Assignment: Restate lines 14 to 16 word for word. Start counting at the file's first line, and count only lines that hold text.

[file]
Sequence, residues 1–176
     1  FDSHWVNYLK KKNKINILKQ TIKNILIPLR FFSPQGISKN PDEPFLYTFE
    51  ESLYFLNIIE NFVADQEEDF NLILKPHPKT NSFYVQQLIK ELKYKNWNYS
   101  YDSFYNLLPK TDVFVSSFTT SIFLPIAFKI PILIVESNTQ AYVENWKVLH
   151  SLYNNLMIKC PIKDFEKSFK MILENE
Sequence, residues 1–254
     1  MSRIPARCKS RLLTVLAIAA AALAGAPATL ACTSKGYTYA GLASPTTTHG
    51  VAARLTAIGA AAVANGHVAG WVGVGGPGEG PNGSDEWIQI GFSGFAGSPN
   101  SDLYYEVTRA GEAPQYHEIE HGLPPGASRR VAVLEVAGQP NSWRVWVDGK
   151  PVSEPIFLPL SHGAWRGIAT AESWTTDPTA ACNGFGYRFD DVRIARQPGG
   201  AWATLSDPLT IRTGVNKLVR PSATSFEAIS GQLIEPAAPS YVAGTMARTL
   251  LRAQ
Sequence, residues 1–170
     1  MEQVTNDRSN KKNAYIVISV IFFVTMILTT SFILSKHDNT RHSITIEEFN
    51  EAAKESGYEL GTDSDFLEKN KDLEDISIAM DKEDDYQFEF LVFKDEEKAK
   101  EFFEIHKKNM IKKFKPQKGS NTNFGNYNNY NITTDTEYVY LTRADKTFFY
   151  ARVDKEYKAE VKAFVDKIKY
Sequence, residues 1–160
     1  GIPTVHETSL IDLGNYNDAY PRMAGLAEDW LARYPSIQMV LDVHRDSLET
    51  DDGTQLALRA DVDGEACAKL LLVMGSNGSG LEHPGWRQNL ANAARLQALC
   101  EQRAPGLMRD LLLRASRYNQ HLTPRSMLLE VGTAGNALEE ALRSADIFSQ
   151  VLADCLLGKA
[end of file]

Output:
     1  MEQVTNDRSN KKNAYIVISV IFFVTMILTT SFILSKHDNT RHSITIEEFN
    51  EAAKESGYEL GTDSDFLEKN KDLEDISIAM DKEDDYQFEF LVFKDEEKAK
   101  EFFEIHKKNM IKKFKPQKGS NTNFGNYNNY NITTDTEYVY LTRADKTFFY